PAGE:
Guide

Exporting goods outside the EU

Moving goods through the EU to non-EU countries (indirect exports)

Indirect exports - the dispatch of goods via a European Union (EU) country or countries to a third country destination - require special procedures and paperwork. Indirect exports are controlled by the Export Control System which is an EU wide system implemented in July 2009. Indirect exports (whether they are by air, sea or road) must be accompanied by an Export Accompanying Document (EAD) which has a Movement Reference Number (MRN) and Barcode which can be scanned at the Office of Exit in the last member state before the goods exit the EU.

After the UCC was implemented on 1 May 2016 you are only required to present the MRN of the export declaration with the goods at the customs office of exit.

The UK treatment of indirect exports generally depends on their final destination:

  • If you're exporting to a country outside the EU, you must complete an export declaration - even though the goods are initially being sent through another EU country.
  • Export controls and licensing requirements will depend on the final destination of the goods.
  • Goods exported to a customer outside the EU can be zero-rated for VAT even if they initially travel through other EU countries. However, proof of the goods actual departure from the EU will be required.

When exporting outside the EU, you must complete an export declaration, even if the goods are being sent through another EU country first. Indirect exports must be 'Arrived' on CHIEF before they leave the UK. 'Arrival' is the technical term by which goods are presented to Customs via an export declaration - once you have completed this stage, CHIEF will give you permission to progress (also referred to as P2P) your shipment. Failure to comply can lead to trouble in other countries, and even the rejection and the return of your goods. After the  implementation of the Union Customs Code on 1 May 2016, exporters now only need to present the MRN of the export declaration with the goods at the customs office of exit.’

Depending on their final destination, you may need to satisfy other regulations and obtain other export licences. Indirect exports can only be zero-rated for VAT if you can prove the goods have been exported. Read more about VAT on exports and other taxes.

In the UK the export declaration submitted electronically to CHIEF will include all the safety and security data required under the Export Control System (ECS). It is therefore a 'combined' declaration ie fiscal and ECS safety and security data are combined on the UK export declaration. In the UK you do not need to submit separate safety and security information to the ECS - CHIEF will pass the relevant data to the EU ECS system. Once your declaration has been accepted by CHIEF a Movement Reference Number Number (MRN) will be issued. This can be used to track the movement across the EU to exit and must be 'closed' on the ECS system by scanning the barcode relating to the MRN at the Office of Exit. Read more about how the Export Control System controls indirect export movement within the EU.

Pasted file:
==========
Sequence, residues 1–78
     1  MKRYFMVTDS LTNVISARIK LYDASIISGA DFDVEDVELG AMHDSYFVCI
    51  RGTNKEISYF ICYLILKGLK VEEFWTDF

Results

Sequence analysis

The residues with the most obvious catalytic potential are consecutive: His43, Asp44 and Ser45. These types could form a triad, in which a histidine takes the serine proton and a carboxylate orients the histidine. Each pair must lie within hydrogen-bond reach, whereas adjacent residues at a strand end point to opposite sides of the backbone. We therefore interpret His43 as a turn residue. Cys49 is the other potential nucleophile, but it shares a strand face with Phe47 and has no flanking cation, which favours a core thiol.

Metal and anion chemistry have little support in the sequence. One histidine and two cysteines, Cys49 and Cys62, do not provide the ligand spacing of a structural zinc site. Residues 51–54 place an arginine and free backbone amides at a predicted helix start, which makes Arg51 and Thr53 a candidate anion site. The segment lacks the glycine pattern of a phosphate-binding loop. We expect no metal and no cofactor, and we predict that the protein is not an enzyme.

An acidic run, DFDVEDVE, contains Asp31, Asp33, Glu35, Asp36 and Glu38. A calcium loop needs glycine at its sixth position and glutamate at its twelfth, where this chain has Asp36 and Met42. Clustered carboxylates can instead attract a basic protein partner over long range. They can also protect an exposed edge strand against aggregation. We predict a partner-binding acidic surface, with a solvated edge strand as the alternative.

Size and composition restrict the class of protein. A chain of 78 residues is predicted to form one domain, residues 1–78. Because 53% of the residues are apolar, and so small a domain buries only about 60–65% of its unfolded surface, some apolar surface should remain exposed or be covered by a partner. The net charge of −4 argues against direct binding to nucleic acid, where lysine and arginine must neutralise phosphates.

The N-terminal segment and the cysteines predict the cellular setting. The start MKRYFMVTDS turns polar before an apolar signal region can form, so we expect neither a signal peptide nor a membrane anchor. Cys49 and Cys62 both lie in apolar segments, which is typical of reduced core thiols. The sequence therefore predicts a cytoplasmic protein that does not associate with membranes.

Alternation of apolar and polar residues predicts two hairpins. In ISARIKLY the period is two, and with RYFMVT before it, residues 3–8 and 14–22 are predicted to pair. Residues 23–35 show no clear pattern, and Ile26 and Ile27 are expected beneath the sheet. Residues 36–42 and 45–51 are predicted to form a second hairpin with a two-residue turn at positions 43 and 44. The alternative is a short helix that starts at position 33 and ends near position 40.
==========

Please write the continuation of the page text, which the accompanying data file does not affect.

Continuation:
The safety and security legislation that came into force in 2009 set minimum time limits for the lodgement of Export Declarations ahead of their departure as follows:

  • for 'deep sea' containerised cargo, at least 24 hours before the goods are loaded
  • for 'short sea' containerised cargo, at least 2 hours before leaving the port
  • for air traffic, at least 30 minutes before departure from an airport
  • for rail and inland waters traffic, at least 2 hours before departure
  • for road traffic, at least 1 hour before departure
  • for supplies for ships and aircraft at least 15 minutes before departure

As of 1 May 2016, time limits under UCC legislation are for:

  • ‘deep sea’ containerised cargo, at the latest 24 hours before the goods are loaded
  • ‘short sea’ containerised cargo, at the latest 2 hours before leaving the port
  • non-containerised cargo at the latest 2 hours before departure
  • air traffic, at the latest 30 minutes before departure from an airport
  • road and inland waters traffic, at the latest 1 hour before departure
  • rail traffic, at the latest 2 hours before departure

You’ll be covered if you supply an export declaration, you will be covered, but if you’re not declaring goods in the usual way, you must complete an Exit Summary Declaration.

Carnets for non-community goods moving through the EU

The Transports Internationaux Routiers (TIR) procedure is used to move goods, essentially by road, between two countries party to the TIR Convention or between two points in a participating country as long as the movement passes through a third country. The payment of duties and other charges are suspended. For the purposes of TIR, the Community is regarded as a single territory. TIR is only permitted in the EU when the movement either begins, ends or transits a third country.

Goods must be transported in approved vehicles or containers and be accompanied by a TIR Carnet. You, or your freight forwarder, must be authorised to use the TIR system and to purchase a TIR Carnet. The Carnet acts as the customs declaration for movement when outside of the EU and as security for any taxes and duties to which the goods become liable. 

All traders moving goods across the EU under the TIR procedure must submit an electronic customs declaration via the NCTS when the consignment reaches the frontier of the EU. You can alsoread more about using the New Computerised Transit System (NCTS) to move goods across the EU and EFTA countries.

If goods originate from outside the EU, the Community Transit procedure can be used to move them within the EU.

If goods are moving to or through a European Free Trade Association (EFTA) country, the Common Transit procedure should be used.